43. 43. CULTURE Monday, September 16, 13 Every culture drags its own baggage into how it approaches and solves problems. Shared beliefs, language and experience can lead to blind spots in the problem solving space. We become myopic.
  44. 44. Design Bias Monday, September 16, 13 “Design culture” is no different. We have our own strong biases about what “works” and what does not. What is “good” design, and what is “bad” design. We can’t change the world through the tasteful application of typography and clean, bright aesthetics. We can only change the world, if we first change the way we look at the world and our users. We can’t do that looking down from the summit of Maslow’s Hierarchy.
  45. 45. WeChat : the Low- Agency Trojan Horse Monday, September 16, 13 The reason that WeChat is a killer app - is that it mitigates the need for text input. Let me say that again. Its a CHAT app, that does not require typing. This app is hugely popular in China, partially because functional mandarin requires 2-3000 characters to communicate in text. Saying something as simple as “happy birthday” in mandarin requires 20 taps to render with a keyboard. WeChat removed that barrier by flipping the SMS paradigm to a speech-based communication - It also requires very little input to connect with friends - photograph their profile VR code within the app. You can still type in WeChat, but its just one method of input between speech, video, photos, and emoticons.
  46. 46. Monday, September 16, 13 The app invites exploration with playful matchmaking (shake to see who is near you, public message in a bottle) and removing barriers to interact - short voice messaging, and group broadcasts make it easy to communicate with a broadly distributed network on the mobile device.
  47. 47. Monday, September 16, 13 Where this becomes a killer app for low-agency users is that it removes barriers for full participation in personal messaging. Nations where WeChat is growing fastest - China/Hong Kong, Indonesia, India, Malaysia, Brazil, Mexico, Argentina, the Philippines, Italy, Spain, Singapore, Thailand, South Africa and Turkey.
  48. 48. CULTURE ADOPTION TECHNOLOGY Monday, September 16, 13 We-Chat, and Apps like it (What’s App? is popular in India) creates new opportunities for low-agency users. Access to markets, agricultural conditions and price information - disrupting middlemen community organizing, especially facilitate labor and human rights organization Access public health and medical resources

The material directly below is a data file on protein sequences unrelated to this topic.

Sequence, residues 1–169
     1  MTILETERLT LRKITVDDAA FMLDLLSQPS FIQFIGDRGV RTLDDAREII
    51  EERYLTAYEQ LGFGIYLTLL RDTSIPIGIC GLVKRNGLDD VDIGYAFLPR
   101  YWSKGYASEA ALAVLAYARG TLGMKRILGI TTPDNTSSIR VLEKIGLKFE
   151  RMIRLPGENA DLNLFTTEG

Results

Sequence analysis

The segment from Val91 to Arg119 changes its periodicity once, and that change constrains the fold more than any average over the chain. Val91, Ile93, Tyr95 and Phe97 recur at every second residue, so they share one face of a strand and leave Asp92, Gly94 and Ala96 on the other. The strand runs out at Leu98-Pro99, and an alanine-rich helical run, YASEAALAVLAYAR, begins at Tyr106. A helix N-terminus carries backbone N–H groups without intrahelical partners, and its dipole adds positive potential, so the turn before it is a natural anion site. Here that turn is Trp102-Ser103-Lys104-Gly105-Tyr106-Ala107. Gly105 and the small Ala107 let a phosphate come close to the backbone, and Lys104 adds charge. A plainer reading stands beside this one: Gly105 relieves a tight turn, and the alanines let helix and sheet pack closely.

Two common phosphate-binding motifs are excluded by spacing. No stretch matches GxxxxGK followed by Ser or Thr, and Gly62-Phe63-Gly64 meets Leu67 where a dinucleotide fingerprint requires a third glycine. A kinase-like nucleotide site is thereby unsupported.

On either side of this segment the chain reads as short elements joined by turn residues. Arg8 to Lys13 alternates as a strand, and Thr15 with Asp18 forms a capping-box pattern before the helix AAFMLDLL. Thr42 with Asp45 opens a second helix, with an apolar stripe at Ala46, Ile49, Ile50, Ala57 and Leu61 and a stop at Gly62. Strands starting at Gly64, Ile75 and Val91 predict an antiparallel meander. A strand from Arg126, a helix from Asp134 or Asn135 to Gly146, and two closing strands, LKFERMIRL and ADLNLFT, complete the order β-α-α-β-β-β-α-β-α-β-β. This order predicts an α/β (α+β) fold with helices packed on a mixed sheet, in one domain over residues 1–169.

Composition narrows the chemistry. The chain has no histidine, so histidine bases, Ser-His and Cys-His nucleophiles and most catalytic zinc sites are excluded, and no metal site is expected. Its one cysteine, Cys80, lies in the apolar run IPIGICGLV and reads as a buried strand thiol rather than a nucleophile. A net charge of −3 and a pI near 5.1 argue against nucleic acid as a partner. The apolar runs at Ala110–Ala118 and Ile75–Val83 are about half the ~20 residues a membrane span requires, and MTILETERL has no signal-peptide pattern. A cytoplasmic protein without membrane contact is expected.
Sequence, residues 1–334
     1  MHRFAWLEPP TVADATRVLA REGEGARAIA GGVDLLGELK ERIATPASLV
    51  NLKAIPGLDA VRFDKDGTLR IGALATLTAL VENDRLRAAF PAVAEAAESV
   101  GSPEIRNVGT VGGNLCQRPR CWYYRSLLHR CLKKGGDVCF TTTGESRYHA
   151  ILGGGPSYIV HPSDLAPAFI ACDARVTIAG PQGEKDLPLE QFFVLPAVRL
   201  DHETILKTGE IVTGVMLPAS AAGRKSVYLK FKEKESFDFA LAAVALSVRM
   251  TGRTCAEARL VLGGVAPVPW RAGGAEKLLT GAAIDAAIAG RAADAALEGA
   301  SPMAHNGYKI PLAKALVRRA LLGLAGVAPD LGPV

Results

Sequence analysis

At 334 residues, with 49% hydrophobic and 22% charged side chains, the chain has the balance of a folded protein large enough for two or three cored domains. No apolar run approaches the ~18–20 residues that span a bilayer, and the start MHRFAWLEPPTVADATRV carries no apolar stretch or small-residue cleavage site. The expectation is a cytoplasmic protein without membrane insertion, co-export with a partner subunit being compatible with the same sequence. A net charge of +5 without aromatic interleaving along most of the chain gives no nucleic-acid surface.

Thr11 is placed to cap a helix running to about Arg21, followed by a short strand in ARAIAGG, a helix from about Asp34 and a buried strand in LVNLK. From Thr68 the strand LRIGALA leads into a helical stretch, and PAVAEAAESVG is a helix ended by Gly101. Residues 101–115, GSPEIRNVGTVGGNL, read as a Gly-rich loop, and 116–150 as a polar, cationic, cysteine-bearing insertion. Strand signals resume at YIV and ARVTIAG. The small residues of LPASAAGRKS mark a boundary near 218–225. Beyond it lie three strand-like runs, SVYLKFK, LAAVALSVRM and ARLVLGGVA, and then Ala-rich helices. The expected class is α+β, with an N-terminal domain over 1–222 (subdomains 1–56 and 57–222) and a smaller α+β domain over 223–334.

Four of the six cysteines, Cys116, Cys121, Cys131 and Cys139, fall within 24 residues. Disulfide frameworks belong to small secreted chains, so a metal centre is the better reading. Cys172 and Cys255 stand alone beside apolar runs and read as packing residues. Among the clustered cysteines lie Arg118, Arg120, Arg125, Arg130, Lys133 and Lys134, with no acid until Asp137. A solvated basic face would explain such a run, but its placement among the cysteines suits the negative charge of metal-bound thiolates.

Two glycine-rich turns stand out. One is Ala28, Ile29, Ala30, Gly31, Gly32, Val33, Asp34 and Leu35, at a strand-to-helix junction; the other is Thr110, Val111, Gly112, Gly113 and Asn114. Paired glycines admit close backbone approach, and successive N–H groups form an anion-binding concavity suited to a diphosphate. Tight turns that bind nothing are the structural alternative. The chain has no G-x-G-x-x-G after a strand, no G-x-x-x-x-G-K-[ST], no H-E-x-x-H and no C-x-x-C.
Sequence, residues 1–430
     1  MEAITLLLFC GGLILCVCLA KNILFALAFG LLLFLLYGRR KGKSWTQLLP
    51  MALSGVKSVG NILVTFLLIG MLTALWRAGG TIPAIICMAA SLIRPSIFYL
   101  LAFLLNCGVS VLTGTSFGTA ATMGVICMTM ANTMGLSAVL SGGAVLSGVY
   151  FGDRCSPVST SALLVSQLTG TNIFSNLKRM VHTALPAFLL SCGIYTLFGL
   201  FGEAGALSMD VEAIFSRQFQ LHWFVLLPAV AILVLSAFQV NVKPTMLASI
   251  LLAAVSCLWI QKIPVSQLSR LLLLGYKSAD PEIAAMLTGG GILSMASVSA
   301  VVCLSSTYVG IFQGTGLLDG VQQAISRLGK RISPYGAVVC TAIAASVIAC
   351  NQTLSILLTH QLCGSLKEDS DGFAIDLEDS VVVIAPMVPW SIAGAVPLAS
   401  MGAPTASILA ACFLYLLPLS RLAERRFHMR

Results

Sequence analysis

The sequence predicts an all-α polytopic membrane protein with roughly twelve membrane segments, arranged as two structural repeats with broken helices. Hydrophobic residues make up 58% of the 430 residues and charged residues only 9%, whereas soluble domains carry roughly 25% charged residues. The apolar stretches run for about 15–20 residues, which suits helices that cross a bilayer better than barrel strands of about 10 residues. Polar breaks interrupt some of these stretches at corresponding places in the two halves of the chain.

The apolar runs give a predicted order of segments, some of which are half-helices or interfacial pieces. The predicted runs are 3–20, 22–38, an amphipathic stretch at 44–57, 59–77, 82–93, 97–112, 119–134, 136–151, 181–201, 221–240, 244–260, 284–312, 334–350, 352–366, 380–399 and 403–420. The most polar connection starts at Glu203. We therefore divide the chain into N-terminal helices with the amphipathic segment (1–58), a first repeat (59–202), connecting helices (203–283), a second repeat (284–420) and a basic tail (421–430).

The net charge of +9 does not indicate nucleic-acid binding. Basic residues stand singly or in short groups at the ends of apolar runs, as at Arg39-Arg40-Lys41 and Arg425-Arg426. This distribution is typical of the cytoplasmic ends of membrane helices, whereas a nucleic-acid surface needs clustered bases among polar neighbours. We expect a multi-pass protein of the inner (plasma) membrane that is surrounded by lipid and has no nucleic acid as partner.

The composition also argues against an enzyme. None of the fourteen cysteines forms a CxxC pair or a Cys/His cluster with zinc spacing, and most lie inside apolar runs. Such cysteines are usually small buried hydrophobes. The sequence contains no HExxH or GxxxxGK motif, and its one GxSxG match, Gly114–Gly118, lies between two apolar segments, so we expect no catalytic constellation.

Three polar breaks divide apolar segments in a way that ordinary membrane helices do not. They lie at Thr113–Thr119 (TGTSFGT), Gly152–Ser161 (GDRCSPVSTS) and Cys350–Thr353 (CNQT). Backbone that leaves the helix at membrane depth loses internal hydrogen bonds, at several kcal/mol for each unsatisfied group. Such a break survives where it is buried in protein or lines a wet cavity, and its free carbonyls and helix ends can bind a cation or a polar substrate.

49. 49. Airtime swapping and MPesa compete with banking and currency Monday, September 16, 13 Mobile Adoption is changing money. Air-time swapping is extremely common in Africa because carriers allow free transfers between accounts. In Zimbabwe, hyper-inflation has caused most people to abandon the local currency for American banknotes and coins. But American coins are scarce, so nearly every shop in Zimbabwe gives change in airtime transfers between sim cards. Airtime is becoming a competitor to fiat-currencies, its like a new gold standard. Airtime, is airtime. MPesa is a Vodaphone subsidiary started in Kenya and has been extremely successful in low-agency markets ranging from Southern Africa to Afghanistan. It serves traditionally underbanked populations. Mpessa Users can: bank cash at retail outlets make withdrawals at ATMs conduct peer to peer transfers receive dispersals and make re-payments of micro loans MPessa is even being used to pay salaries and taxes in some markets.
  50. 50. CULTURE ADOPTION TECHNOLOGY When MPesa replaced a cash-based payroll for the Afgan National Police, officers believed they had received raises because graft had been removed from the supply chain. Monday, September 16, 13 In Afghanistan, MPessa was implemented as a solution to pay Afgan police salaries, replacing a long-corrupt cash system. The officers believed they had received raises because graft was so endemic. Most had no idea what their salaries were. (Note: Who the hell would want to rip one of these guys off?!!) Greater transparency and accountability in low-agency markets will lead to more stable institutions.